Supervised learning refers to a family of machine learning algorithms which learn from “labeled” data. The programmers provide the “correct” answer, so the algorithm actually segments and analyses the data based on these given assumptions. The goal is to predict the right output for the given input.
The machine learns on a set of training data, and the extent and quality of the training data given actually determines how many comparable cases the algorithm has seen and how well it will later predict and determine the correct output for input data that it hasn’t been trained on. This requires skilled data scientists in order to provide good assumptions and effective models which will allow for the assumed “correct” variables to be applicable even on new data. Incorrect or poorly defined data labels can influence the effectiveness of the whole model.
Supervised learning is mostly used for classification and regression. It allows us to analyse data based on previous experience and optimise performance by learning from more and more data.
If we take a very simple example, supervised learning is like when a child is learning with a teacher. The teacher will show the child images of animals and teach it which is a cat and which is a dog. In this same way an algorithm will be given labels for data telling it what is what, and the segmentation will be done according to these labels.
In contrast with supervised learning, unsupervised learning is a family of machine learning algorithms which learn from “unlabeled” data. It is a self-learning technique where the system is learning from the data set by trying to identify and make assumptions on its own, with no given labels and “correct” answers. There is no prior knowledge of the data and categories to be used, so the goal is to identify hidden patterns in a data set and form them into certain groups, or clusters.
The goal is to find existing trends or structures within certain data sets without providing labels or any insights to the algorithm. A typical and most common unsupervised learning algorithm is clustering.
Unsupervised learning allows us to provide data which is very hard or not practical for humans to categorise and analyse, and to allow the algorithm to identify trends and insights which can then be used for further testing. Unsupervised machine learning can find many different unknown patterns in data and identify features for categorisation. It is also much easier to get unlabeled data sets than labeled ones, since you need an experienced person in order to label data, and unlabeled sets can be taken from many different sources.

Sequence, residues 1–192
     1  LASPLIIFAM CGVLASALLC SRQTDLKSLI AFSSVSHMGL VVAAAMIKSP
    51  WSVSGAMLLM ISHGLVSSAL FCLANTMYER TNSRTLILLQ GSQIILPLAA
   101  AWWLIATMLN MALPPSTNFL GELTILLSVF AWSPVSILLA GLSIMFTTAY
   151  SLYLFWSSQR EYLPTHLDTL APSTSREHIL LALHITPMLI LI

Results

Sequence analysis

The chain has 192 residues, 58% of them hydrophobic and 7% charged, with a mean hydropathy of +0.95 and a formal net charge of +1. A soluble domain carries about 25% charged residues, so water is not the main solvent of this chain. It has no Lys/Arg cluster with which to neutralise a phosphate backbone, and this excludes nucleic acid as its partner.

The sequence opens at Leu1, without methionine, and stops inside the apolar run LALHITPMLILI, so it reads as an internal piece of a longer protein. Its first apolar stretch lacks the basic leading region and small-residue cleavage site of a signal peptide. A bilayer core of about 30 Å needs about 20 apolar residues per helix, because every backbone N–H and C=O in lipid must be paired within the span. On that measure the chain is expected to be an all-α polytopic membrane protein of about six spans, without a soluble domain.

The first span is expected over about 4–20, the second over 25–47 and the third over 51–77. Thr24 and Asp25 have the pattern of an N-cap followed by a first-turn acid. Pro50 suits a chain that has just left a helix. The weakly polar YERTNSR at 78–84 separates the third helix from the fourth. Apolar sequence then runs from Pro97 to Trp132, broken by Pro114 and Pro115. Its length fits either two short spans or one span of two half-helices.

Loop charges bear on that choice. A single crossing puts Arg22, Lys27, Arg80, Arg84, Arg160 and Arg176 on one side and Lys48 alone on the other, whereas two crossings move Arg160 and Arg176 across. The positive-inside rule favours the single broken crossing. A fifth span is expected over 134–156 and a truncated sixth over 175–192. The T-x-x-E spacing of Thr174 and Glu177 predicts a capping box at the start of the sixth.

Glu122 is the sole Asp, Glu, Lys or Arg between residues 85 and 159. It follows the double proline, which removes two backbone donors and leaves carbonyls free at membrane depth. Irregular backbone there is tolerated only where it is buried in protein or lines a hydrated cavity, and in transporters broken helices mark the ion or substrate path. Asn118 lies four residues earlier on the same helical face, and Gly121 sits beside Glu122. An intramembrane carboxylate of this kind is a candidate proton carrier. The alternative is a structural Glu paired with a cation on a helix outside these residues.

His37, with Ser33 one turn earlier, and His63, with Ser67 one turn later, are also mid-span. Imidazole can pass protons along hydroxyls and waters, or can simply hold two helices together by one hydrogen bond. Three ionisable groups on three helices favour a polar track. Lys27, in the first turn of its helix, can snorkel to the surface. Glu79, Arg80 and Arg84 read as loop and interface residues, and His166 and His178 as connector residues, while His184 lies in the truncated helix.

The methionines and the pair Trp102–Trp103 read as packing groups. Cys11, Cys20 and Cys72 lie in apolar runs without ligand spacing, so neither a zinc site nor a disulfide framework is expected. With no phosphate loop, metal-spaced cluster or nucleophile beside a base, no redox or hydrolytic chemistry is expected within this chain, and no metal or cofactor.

Taking again the example of a child learning how to recognise animals, unsupervised learning could be compared to a different approach. Let’s say a small child has a cat at home, and at some point the family visits friends who also have a cat, but the child has never seen this animal before, it’s different from their cat and nobody told it that this was a cat. However, based on similar features such as fluffy fur, whiskers, a long tail and the animal walking on 4 legs, the child could recognise that this is also a cat. This would be unsupervised learning, and in a similar way an algorithm working on unlabeled data would also assume common features of the data and form it into clusters.
There is also a third category mixing both supervised and unsupervised learning, which is known as semi-supervised learning. This is a situation where some data in the set are labeled, but most are unlabeled. This data can be analysed using a mix of supervised and unsupervised learning. The algorithm can try to cluster the unlabeled data and feed it back through by comparing it to the labeled data and making a model for the analysis of new data.
A lot of real life machine learning problems fall under semi-supervised learning because, as previously mentioned, labeled data is more complicated and expensive to acquire. By mixing both approaches, some of the data will be labeled, while the rest will be unlabeled and much easier and cheaper to get. The two learning methods will be combined in order to get the best possible performance of the data model under existing conditions, and by processing more and more data the algorithm can be optimised for better performance.
As an example, if you wanted to segment a very large data set of pictures of animals, it would be very expensive to have humans label every single picture. Instead, you could have humans classify only a small part of the pictures and label them as cats, dogs, birds etc. After humans have labeled a small part you have a good base of labeled data from which the algorithm can segment all the other photos. This saves you both time and money, and the algorithm can perform really well and be trustworthy when based on some labeled data instead of starting from nothing and having to recognise the categories on its own. This is the real benefit of semi-supervised learning.
Both supervised and unsupervised learning are very important methods, with different levels of accuracy and different ways of functioning, and the option to combine them together to create an optimal model for use on different sets of data. The important thing to remember is that most algorithms are only as good as the data they are given, especially in regards to labeled data. So even though supervised learning may be more accurate, if it is given bad data or wrong labels, it can lead to untrustworthy results and faulty assumptions. With any machine learning algorithm, we should always keep in mind how it actually functions, and how we can use it in a way that ensures high quality results.